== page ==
I didn’t actually own it till years and years later. I think I got a boxed copy complete for £5 from an indy game shop and in all honesty the second I saw the game it made me think of my friend. Simply put, for me that game will forever be linked to him because not only is it the first time I saw it being played, I have also never seen it being played so well anywhere else.

OK so lets start with the story. Well, the main character is called Greendog which you could probably guess from the game’s name, and he has an issue. This issue is the fact that he was surfing and then he wiped out finding himself on a beach with no surfboard in site and a strange necklace around his neck. He soon finds out that the necklace can not be removed when a ‘beach babe’ appears before his eyes and informs him that the necklace is cursed and that he will be stuck wearing it until he finds the lost parts of an ancient Aztec treasure. Without the treasure he will be stuck with the necklace unable to remove it, unable to surf and – worse than that – every single living thing in the world will attack him. OK, so in a world where so many games involve random creatures trying to kill you for no apparent reason its actually pretty interesting to have a reason given here for why your character is homicidally pursued by birds, crabs, starfish and all manner of other creatures.

OK so I want to start by talking about the game play. Greendog is a platform game. You go from left to right jumping, swinging and traversing the levels, you have a Frisbee that you can throw at enemies. The real issue with this though is not in what Greendog can do, it’s in the way Greendog controls which can best be described as sluggish. Your button presses never quiet seem to work quite how you want, or quite as fast as you want. At its worst this game can be extremely frustrating. The Greendog sprite feels like a pretty large one really and the hit detection box around him feels like it is even bigger. Add to this his bad slow-motion feeling jumps which often end in either you taking damage that you feel is unjust and can cause people to seethe with rage or even worse instant death on occasion. If you think Greendog is hard to control on land then just you wait until you get him to go underwater.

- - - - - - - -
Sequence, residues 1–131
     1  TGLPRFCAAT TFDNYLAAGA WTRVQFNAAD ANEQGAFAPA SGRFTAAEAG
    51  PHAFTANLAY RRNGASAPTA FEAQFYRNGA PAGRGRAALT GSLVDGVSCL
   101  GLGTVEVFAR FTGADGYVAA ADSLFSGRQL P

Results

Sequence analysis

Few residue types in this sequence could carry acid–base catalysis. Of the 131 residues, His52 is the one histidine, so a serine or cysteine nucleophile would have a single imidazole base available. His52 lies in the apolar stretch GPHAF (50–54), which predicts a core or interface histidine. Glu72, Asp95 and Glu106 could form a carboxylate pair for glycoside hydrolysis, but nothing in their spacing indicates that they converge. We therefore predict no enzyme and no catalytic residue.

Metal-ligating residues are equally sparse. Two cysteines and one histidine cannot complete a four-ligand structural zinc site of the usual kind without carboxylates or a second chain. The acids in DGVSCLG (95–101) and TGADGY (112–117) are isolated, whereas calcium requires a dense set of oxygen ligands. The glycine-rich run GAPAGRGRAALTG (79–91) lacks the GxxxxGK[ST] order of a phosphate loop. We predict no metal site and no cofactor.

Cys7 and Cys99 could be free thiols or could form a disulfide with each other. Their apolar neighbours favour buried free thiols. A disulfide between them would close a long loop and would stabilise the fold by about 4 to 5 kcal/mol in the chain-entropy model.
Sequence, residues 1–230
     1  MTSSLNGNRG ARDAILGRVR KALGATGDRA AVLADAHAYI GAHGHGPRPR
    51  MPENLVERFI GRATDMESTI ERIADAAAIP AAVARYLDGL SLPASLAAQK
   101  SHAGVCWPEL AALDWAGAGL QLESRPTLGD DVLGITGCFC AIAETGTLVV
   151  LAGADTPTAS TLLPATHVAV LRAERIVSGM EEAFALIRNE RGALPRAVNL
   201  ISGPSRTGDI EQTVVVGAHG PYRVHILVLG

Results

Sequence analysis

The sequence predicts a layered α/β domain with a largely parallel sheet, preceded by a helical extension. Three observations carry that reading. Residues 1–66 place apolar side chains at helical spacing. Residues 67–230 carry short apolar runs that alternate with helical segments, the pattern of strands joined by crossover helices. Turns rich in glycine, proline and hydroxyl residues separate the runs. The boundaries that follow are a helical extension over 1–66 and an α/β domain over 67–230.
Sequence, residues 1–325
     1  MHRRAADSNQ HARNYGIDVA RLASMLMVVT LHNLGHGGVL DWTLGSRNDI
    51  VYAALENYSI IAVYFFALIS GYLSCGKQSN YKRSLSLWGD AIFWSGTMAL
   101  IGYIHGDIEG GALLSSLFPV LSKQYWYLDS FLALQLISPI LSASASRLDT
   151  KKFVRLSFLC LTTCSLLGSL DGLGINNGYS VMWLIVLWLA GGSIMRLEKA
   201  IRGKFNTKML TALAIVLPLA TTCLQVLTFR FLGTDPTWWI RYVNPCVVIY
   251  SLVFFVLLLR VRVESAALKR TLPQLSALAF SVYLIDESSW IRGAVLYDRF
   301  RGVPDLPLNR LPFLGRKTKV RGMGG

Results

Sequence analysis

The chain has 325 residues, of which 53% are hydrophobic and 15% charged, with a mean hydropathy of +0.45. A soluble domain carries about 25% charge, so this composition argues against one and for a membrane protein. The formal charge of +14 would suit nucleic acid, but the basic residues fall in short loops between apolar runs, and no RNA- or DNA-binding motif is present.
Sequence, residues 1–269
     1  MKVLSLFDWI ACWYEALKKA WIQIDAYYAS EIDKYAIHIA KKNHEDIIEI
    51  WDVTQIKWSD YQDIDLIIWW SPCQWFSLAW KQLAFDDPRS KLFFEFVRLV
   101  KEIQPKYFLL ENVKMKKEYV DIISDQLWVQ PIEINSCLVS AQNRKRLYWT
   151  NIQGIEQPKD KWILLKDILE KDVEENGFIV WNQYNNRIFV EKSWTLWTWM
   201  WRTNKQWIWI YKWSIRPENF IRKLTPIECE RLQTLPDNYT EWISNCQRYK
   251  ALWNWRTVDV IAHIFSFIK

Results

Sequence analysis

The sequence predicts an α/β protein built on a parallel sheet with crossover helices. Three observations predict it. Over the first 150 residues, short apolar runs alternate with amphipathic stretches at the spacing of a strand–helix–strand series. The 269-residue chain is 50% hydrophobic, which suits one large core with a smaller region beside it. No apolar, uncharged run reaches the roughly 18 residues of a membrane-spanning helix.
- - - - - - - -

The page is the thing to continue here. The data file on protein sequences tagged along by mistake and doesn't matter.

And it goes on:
I do have to give the game some praise though for trying to break things up a bit. There are skating levels, in which Greendog either jumps on a red skateboard or puts on pink rollerblades. And then you have levels with Greendog’s pedal copter, which he uses to travel from one island to the next. In these pedal copter levels you bash the C button repeatedly to remain airborne while using the B button to use the copter’s spring-loaded boxing glove weapon to attack enemies. The game is playable and it is completable despite feeling tough, because eventually you seem to get on board with its janky controls and learn to work around them. If you just watch someone play it and don’t feel what it’s like then you’d be forgiven for thinking that its a great game as there was certainly a lot of effort put into it.

Yes, you could say that Greendog is yet another platformer on the Mega Drive – a console that certainly is not short of 2D platformers, but to its credit I think it does enough to have its own flavour and therefore stand out as its own thing. The game has its Caribbean sort of style you find yourself traversing through jungles, across beaches, exploring an aquarium, visiting a native village and other places. It’s nicely varied while also managing to keep everything connected to a central theme and I think it does this very well. Along the way you will collect items, these are usually foods such as French fries, burgers and doughnuts, but you also get power-ups which upgrade your Frisbee or give you more protection from damage.

Lastly I want to talk about Greendog’s music. In all honesty I think it is simply excellent. Much like the graphics it sticks to this Caribbean style but it also offers a wide variety of tunes. Most importantly I think what is on offer really fits the games general theme, it works well with the graphics and gives the whole package a certain degree of charm. It’s just a shame that these good things about the game are not really backed up by the gameplay.

OK so I tried this game at 50hz UK and 60Hz US and I have to say that the game is more fun at 60hz as moving that little bit faster helps the way the game feels, and the music also sounds a lot better. I did think it was a little bit easier when it was slower though I guess that’s just because it allows for you to be a bit slower in your reaction to enemies, etc.